In October 2010, a 45-year-old man presented to his local physician with pain in his right groin, which the patient attributed to a muscle strain from playing soccer. As his pain worsened, the patient went to an orthopedic surgeon who obtained a magnetic resonance imaging (MRI) study that showed a mass within the right anterior ilium. In December 2010, the patient was examined by physicians in the Department of Orthopaedic Oncology at The University of Texas MD Anderson Cancer Center, and a biopsy of the right ilium mass revealed a malignant epithelioid and spindle cell neoplasm most consistent with PMH. The patient was treated with two cycles of intra-arterial cisplatin (120 mg/m2) administered every 3 weeks. Due to hearing loss, administration was modified to intravenously with a slow infusion rate over 24 h for the next two cycles. Restaging positron emission tomography-computed tomography (PET-CT) studies revealed a minor tumor response to cisplatin.
Because the patient’s hearing loss worsened, therapy was switched to a combination of gemcitabine (900 mg/m2) and docetaxel (100 mg/m2) administered in 3 week cycles, beginning 3 weeks after cessation of cisplatin. Restaging PET-CT studies performed after completion of the third cycle revealed that the PMH had significantly responded to gemcitabine plus docetaxel (Fig. 1). Unfortunately, despite this significant improvement, there was evidence of gemcitabine-induced pulmonary toxicity. Therefore, cytotoxic chemotherapy was halted, and a tapering dose of steroids was given to the patient to treat the pulmonary toxicity. The patient’s edema was managed with furosemide and amiloride.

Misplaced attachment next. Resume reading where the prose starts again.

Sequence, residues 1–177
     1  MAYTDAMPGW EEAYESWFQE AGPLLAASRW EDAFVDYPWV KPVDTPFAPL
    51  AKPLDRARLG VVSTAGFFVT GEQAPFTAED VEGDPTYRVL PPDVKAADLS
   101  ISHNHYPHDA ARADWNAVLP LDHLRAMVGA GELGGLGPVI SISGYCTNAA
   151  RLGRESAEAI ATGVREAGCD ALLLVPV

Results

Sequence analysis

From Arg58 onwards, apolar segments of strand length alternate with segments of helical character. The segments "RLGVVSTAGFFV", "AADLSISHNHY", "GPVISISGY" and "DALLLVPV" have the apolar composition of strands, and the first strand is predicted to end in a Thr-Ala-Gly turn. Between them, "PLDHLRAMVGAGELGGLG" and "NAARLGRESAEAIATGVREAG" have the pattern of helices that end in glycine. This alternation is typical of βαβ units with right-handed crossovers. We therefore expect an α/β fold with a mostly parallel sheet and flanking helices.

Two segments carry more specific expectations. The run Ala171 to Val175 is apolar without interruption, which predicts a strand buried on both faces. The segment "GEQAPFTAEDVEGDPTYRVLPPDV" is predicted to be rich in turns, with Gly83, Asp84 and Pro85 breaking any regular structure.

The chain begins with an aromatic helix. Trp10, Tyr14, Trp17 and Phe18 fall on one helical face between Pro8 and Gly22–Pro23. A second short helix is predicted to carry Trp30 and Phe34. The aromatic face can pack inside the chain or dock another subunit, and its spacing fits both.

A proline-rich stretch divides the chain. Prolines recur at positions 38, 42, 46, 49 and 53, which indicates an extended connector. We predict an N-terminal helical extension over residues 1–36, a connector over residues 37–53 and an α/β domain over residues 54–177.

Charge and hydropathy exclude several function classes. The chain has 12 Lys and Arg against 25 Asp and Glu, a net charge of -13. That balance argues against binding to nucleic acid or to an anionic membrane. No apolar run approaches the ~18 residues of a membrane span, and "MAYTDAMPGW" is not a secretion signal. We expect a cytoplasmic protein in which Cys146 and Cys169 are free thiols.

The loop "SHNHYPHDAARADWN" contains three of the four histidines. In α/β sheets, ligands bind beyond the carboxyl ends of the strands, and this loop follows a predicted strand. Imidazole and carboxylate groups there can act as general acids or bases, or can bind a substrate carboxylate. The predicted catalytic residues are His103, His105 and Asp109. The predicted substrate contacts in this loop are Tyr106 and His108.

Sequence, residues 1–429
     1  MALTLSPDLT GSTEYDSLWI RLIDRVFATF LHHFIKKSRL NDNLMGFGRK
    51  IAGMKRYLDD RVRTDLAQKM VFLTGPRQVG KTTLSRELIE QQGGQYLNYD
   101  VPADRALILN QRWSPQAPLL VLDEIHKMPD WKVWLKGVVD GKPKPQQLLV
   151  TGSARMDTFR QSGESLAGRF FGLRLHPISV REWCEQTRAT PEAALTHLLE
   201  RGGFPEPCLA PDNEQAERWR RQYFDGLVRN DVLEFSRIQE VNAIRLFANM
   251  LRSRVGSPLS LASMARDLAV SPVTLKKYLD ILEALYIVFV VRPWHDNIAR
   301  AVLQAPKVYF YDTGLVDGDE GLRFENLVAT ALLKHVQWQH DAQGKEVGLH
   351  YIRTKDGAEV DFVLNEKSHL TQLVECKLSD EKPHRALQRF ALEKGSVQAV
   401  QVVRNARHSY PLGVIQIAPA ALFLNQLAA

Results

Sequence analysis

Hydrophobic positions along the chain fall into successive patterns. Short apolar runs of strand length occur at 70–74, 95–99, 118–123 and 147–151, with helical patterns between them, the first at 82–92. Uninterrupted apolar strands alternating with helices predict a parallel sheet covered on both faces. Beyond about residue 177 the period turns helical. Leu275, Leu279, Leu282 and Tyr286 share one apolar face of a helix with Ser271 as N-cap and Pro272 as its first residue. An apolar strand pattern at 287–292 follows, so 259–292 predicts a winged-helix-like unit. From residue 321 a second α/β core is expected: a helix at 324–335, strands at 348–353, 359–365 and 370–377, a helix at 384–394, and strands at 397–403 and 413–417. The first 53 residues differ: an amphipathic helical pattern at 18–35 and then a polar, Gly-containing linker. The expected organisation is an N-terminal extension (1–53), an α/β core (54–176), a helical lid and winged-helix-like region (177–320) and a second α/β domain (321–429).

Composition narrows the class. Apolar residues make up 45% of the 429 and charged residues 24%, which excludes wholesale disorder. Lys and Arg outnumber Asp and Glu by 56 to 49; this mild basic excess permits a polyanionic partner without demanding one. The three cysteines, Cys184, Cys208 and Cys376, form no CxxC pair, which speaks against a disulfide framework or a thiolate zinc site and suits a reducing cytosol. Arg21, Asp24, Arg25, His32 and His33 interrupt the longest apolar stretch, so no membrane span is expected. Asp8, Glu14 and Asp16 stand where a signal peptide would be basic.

During a follow-up visit 3 months after cessation of gemcitabine and docetaxel, the patient’s PET-CT scans showed mild progression of disease in the right iliac bone with enlarging lucencies. This finding suggested that the PMH progressed in the absence of gemcitabine and docetaxel treatment. Therapy with weekly paclitaxel (80 mg/m2) was therefore started. However, after 4 months of paclitaxel, therapy was discontinued because the patient experienced hearing loss, rhinitis, and neuropathy characterized by tingling of the hands and feet. Restaging studies performed 16 months following cessation of cytotoxic chemotherapy revealed stable disease.
The tumor response to the combination of gemcitabine and a taxane was clearly demonstrated on the PET-CT scans. PMH progressed once chemotherapy was stopped, and taxane treatment led to disease stability, suggesting that gemcitabine plus taxane could be an effective treatment for PMH.
In June 2011, a 22-year-old man presented to his local physician with a painless, dime-shaped nodule in his right lateral thigh. Approximately 1 year later, the mass began to enlarge and induce pain, and the patient saw a dermatologist who performed a punch biopsy that was inconclusive. In September 2012, an excisional biopsy was performed at MD Anderson Cancer Center, and the pathologist concluded that the mass was consistent with PMH originating from the right femur. Baseline imaging included MRI of the right thigh which showed multiple enhancing lesions in the distal right femur and lateral soft tissues, extending for a length of 6.8 cm and centered approximately 7 cm proximal to the articular surface of the lateral femoral condyle. A baseline PET-CT study revealed a hypermetabolic mass in the right distal femur (standardized uptake value, maximum of 15.2) and a 1.3 cm left acetabular lytic lesion (standardized uptake value, maximum of 7.9), suspicious for metastatic disease (Fig. 2). After the patient was evaluated by physicians in the Department of Sarcoma Medical Oncology at MD Anderson, therapy with gemcitabine (900 mg/m2) and docetaxel (75 mg/m2) was started and given in 3 week cycles. The cytotoxic chemotherapy was well tolerated. However, imaging showed no evidence of tumor response after two cycles, and treatment was halted.
Therapy was then changed to doxorubicin (90 mg/m2 as a continuous infusion over 72 h) and cisplatin (120 mg/m2 as an intravenous infusion over 4 h), but the patient had mucositis, tinnitus, neutropenic fever, and ototoxicity during the first cycle. The cisplatin dose was reduced to 100 mg/m2 as a slow infusion over 24 h to prevent ototoxicity and doxorubicin was changed to bolus doxorubicin with dexrazoxane (90 mg/m2) in a 3 week cycle to reduce mucositis caused by continuous intravenous infusion of doxorubicin. The patient tolerated the regimen better during the second cycle, and the PMH remained stable.